A staple of movies set in Brooklyn's Bedord Stuyvesant neighborhood is playing chess in the park, and in Brooklyn Castle, the action goes inside I.S. 318, a public school where geeks are the athletes. Katie Dellamaggiore's documentary about a dominant team of aspiring grandmasters makes a tedious game thrilling and absorbing. It also depicts the downstream effects that the actions of a wealthier NYC borough have on this one, where the financial crisis puts a truly great program at risk due to budget constraints. Dellamaggiore locates an absolute good and then invests the viewer in not just the team's success, but also the daily frustration of wondering whether a beloved part of one's life is even going to exist in a month or a week.
Johnny Depp does his heavy make-up thing in Scott Cooper's Black Mass, a crime drama about Boston's Whitey Bulger. Cooper, with the affecting Crazy Heart and the alienating Out of the Furnace under his belt, is leaning more into the Furnace side here, as Black Mass is competent but cold and mostly unmemorable. Bulger is an intriguing subject only for a person otherwise unfamiliar with how criminals operate in ethnic enclaves and are later represented in cinema.
Animation champ Pixar has seen its reign threatened by competing animation studios, but in 2015, they shored up their position as producers of sophisticated fare for the whole family. Their summer release, Inside Out, was a critical and commercial hit, while their fall release, The Good Dinosaur, received modest reviews and was the lowest performing film in their history. Despite the let-down, The Good Dinosaur does a simple thing well. It's nowhere near the most novel plot Pixar's ever been responsible for, but its familiar story utterly entranced this viewer. There's room in cinema for bald rehashes, especially when they are done as well as they are in Peter Sohn's film.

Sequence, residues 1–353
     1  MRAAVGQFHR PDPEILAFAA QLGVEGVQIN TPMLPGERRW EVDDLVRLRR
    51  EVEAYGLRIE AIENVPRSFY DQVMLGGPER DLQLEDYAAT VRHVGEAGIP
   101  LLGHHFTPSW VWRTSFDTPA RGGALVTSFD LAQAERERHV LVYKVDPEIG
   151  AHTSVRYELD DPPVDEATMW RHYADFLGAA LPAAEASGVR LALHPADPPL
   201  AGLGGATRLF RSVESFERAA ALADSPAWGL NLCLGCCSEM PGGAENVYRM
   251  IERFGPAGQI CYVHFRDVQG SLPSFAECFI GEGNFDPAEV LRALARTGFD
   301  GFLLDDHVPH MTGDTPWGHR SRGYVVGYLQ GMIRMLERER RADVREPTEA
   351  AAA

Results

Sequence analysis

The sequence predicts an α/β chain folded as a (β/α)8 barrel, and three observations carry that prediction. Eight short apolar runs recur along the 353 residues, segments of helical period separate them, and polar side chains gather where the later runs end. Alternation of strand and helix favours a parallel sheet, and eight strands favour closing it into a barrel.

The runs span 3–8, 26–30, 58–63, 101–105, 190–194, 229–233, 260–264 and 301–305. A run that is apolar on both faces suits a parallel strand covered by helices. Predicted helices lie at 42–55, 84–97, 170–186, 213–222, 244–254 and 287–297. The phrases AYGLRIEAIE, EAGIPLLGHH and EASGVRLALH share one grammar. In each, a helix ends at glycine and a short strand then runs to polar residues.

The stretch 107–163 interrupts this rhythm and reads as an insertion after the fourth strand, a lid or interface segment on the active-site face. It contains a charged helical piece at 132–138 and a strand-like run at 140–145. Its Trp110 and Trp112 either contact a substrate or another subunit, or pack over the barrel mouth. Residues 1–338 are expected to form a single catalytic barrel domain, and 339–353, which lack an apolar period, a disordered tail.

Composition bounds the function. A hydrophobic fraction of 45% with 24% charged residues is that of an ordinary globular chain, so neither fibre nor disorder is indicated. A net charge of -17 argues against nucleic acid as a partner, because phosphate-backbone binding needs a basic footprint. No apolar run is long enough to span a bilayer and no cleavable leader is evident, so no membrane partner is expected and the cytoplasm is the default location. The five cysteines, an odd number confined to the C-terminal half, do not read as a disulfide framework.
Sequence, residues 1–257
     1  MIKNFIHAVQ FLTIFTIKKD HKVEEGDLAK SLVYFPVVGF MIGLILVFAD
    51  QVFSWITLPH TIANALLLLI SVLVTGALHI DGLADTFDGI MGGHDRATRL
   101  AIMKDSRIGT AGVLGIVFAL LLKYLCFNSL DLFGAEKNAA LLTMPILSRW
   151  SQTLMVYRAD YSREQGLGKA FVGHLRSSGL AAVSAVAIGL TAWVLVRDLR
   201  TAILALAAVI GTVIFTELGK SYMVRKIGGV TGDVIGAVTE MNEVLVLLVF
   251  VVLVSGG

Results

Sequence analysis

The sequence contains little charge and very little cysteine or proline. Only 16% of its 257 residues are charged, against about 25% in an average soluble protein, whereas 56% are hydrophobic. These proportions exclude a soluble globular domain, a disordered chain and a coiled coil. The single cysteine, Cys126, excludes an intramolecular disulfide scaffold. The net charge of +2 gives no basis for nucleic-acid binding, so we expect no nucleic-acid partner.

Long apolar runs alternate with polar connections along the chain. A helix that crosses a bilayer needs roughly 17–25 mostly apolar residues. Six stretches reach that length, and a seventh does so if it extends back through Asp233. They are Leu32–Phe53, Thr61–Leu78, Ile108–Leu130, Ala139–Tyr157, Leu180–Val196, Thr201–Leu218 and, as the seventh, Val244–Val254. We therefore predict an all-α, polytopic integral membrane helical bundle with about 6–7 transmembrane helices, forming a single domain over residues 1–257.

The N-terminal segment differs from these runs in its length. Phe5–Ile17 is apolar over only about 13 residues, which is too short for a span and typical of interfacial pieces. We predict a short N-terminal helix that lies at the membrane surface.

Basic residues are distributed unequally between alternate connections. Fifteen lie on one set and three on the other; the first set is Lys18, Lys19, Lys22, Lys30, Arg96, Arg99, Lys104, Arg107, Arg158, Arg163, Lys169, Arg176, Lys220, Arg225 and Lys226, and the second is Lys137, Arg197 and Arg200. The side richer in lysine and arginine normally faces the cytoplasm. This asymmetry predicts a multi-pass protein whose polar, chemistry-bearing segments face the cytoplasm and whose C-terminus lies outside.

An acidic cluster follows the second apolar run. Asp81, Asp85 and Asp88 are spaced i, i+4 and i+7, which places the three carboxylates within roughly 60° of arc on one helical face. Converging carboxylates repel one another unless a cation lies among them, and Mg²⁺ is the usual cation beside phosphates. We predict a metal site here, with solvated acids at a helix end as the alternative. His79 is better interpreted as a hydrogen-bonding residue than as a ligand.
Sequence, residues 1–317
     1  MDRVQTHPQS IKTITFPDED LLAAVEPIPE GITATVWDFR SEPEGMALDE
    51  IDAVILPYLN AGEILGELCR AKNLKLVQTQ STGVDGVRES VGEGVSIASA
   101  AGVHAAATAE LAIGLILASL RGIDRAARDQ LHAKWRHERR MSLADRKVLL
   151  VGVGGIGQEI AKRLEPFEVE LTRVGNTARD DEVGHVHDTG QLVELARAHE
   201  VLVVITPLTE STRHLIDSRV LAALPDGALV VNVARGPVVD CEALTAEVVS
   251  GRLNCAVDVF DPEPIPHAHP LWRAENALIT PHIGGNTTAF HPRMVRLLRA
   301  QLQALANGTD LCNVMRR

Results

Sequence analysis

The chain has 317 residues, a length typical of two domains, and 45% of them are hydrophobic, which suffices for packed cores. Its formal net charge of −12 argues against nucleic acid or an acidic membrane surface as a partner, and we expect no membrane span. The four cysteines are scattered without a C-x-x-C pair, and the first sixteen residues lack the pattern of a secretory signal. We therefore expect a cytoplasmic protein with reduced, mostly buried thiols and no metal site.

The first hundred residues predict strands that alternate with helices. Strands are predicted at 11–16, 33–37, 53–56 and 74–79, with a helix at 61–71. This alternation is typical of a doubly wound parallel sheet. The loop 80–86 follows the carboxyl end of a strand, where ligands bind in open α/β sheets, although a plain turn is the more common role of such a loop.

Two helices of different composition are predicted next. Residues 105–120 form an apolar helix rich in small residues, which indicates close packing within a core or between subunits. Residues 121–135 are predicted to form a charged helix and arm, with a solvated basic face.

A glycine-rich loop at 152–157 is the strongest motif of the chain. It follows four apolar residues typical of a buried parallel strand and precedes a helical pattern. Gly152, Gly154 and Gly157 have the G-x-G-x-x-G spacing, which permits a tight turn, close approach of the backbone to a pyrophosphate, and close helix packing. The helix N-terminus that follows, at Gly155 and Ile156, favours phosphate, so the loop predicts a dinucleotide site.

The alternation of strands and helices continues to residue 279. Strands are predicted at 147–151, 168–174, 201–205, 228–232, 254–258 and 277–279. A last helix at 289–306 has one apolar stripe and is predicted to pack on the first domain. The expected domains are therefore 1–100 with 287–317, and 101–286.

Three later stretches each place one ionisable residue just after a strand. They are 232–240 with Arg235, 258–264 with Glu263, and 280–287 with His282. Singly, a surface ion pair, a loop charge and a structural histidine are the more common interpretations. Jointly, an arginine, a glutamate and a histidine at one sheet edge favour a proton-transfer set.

Modern Denmark might be a lodestar of progressivism, but during A Royal Affair, it's a backwater of superstition, serfdom, and despotism. Nikolaj Arcel's period drama finds his homeland at a historic turning point, when the country needed a foreign boost to drag it into the Enlightenment. These kinds of films, with their bodices and cravats, often suffer under the weight of all the extensive production design and costuming, leaving this particular viewer cold. In Arcel's telling, however, the well-appointed events of the film simmer over with high drama. The stakes radiate out from the opulence of the royal court and into the countryside, where a loss of position means that thousands of people's lives become instantly more cruel and devalued. Arcel splits the difference between an Austen romance and a Hugo humanist thriller, crafting the rare period film that can both be about a royal court, and depict character motivations that aren't solely about maintaining a 1% lifestyle.
Indian cinema conjures up images of Bollywood with its choreographed dance numbers and operatic musicals, but Satyajit Ray's Pather Panchali shirks any of those eccentricities, telling a simple story beautifully. Inspired by neo-realist classics like Bicycle Thieves and looking towards coming-of-age films like The 400 Blows, Ray's brilliant debut is steeped in lived-in moments and the casual exuberance that children are capable of at any given instance.
Random projects from the MMC Universe.